Multiple backups of passwords spread among multiple people is crypto exchange 101 — something later investigations showed Cotton understood well. So, the search was on. E&Y did not cover itself with glory — at one point, it transferred $1 million of the funds it could find, largely held at other exchanges, to one of the password-locked accounts, effectively destroying it.

That’s the thing about bitcoin, ether, and other cryptocurrencies. Every transaction requires a private key code that is used to send the crypto. Once the payment is received, that code is used and a new one is generated. Lose that private key code and your crypto is effectively gone — “burned” in the lingo, just as effectively as a fire would burn a $20 bill.

Which brings us to a motto popular among experienced crypto investors: Not your keys, not your crypto. Meaning that when you store your bitcoin in an exchange’s wallet, you give it control of your private key — they couldn’t send it back to you otherwise — you are at their mercy.

Not exactly “lost”

Quadriga customers were still screaming, but the realization was setting in that if those codes were never found, they’d lost everything.

Then E&Y came out with a shocker: There was nothing stored on those cold wallets. QuadrigaCX had been cleaned out even before Cotton’s death. Forensic investigators pieced together an entirely new picture of Cotton: A con man and thief who ran the exchange as a private piggy bank, using Ponzi scheme tactics to keep investors in the dark.

The longer they looked, the sketchier QuadrigaCX became. For one thing, the platform was designed — at Cotton’s request — so that no access logs were made of any activity by anyone with full administrator privileges. And only one person had them.

See also: Lawyers Demand Proof That QuadrigaCX Founder Is Really Dead

While the exchange did require “know-your-customer” data, it wasn’t always enforced — for example in the case of accounts controlled by Cotton but registered under the Star Wars-themed names Aretwo Deetwo and Seethree Peaohh.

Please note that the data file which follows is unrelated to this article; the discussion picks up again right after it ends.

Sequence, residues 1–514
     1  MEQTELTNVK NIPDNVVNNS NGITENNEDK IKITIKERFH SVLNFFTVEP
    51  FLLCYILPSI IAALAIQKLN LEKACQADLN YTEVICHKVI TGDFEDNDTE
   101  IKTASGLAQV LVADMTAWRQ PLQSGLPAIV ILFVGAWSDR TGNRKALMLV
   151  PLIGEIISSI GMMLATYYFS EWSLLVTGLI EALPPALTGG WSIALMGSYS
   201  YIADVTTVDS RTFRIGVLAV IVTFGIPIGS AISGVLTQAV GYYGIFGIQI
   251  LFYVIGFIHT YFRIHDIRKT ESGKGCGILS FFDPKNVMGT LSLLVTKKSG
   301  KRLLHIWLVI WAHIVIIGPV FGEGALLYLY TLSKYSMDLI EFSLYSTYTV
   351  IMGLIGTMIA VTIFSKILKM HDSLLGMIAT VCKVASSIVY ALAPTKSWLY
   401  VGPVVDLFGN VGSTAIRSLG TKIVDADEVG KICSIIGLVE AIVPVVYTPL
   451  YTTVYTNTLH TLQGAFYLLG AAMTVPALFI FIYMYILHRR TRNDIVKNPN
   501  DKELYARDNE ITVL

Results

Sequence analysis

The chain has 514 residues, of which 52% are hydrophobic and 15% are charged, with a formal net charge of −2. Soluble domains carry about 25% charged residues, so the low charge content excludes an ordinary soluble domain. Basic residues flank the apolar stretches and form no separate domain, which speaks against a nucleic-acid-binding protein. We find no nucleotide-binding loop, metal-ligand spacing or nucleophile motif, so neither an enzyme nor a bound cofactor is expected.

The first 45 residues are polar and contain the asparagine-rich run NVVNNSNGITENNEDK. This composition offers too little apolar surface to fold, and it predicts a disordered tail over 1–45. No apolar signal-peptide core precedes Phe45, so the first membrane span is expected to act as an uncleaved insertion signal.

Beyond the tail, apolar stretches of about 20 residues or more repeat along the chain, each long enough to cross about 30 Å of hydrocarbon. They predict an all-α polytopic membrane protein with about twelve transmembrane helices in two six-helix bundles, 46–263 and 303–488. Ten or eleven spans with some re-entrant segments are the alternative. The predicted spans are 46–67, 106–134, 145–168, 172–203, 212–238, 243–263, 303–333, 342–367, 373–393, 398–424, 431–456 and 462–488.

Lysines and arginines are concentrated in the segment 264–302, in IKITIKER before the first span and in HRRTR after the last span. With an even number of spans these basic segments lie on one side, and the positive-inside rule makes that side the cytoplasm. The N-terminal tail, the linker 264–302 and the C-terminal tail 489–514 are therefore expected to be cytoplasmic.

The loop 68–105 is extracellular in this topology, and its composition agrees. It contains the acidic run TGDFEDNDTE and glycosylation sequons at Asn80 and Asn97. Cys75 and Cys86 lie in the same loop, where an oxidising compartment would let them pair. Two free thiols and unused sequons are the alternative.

Another account, under the name Chris Markay was used to make trades and withdraw funds almost 300,000 times, in many cases trading phantom assets to customers in exchange for real ones — and charging the customers a fee for the privilege.

Nor did E&Y find any accounting records for the company. It did, however, have QuadrigaCX’s KYC information, which was over to the Canadian Revenue Agency — at its request.

So what happened to all the money? A lot of it went to bad crypto investments — Cotton was apparently not very good at picking winners — but a fair amount went to his extensive travels and extravagant lifestyle: $12 million in real estate, a Lexus and yacht, and — remember that “maybe” after Cotton’s death — a Cessna 400 aircraft.

The details of Cotton’s death in India, of “complications from Crohn’s disease, were always sketchy, and one gastroenterologist told Canada’s Globe and Mail that he was not comfortable with the diagnosis, and the fact that no autopsy was performed. His body was quickly embalmed and brought home a day later. He had written a will just four days before flying to India.

Plenty of creditors began demanding an exhumation and autopsy to see if the body really was Cotton.

Know-your-business (KYB)

Getting back to 0xSifu/Michael Patryn, he was also discovered to be Omar Dhanani. While not accused of any illegal actions in the QuadrigaCX case, Dhanani — who had legally changed his name — was jailed in the U.S. for 18 months “after pleading guilty to conspiracy to commit credit-and-bank card fraud in 2005, and burglary, grand larceny and computer fraud two years later,” Bloomberg said.

One of the strangest things about crypto is how often the developers of projects — particularly DeFi projects — that attract a lot of investor money are known by nothing more than a Twitter handle.

Take the case of Chef Nomi, creator of the SushiSwap DeFi exchange, or DEX. After creating the very popular DEX, he abruptly departed, cashing out his tokens and cleaning out $14 million worth of ETH, causing the SUSHI token to tank. The investors screamed “exit scam” (meaning a rug pull) and surprisingly, Chef Nomi came back, apologized profusely and turned the keys to the project over to Sam Bankman-Fried, the billionaire founder of the centralized FTX exchange — who was in no way involved in the project, just a highly trusted crypto community leader. Who was Chef Nomi? Good question.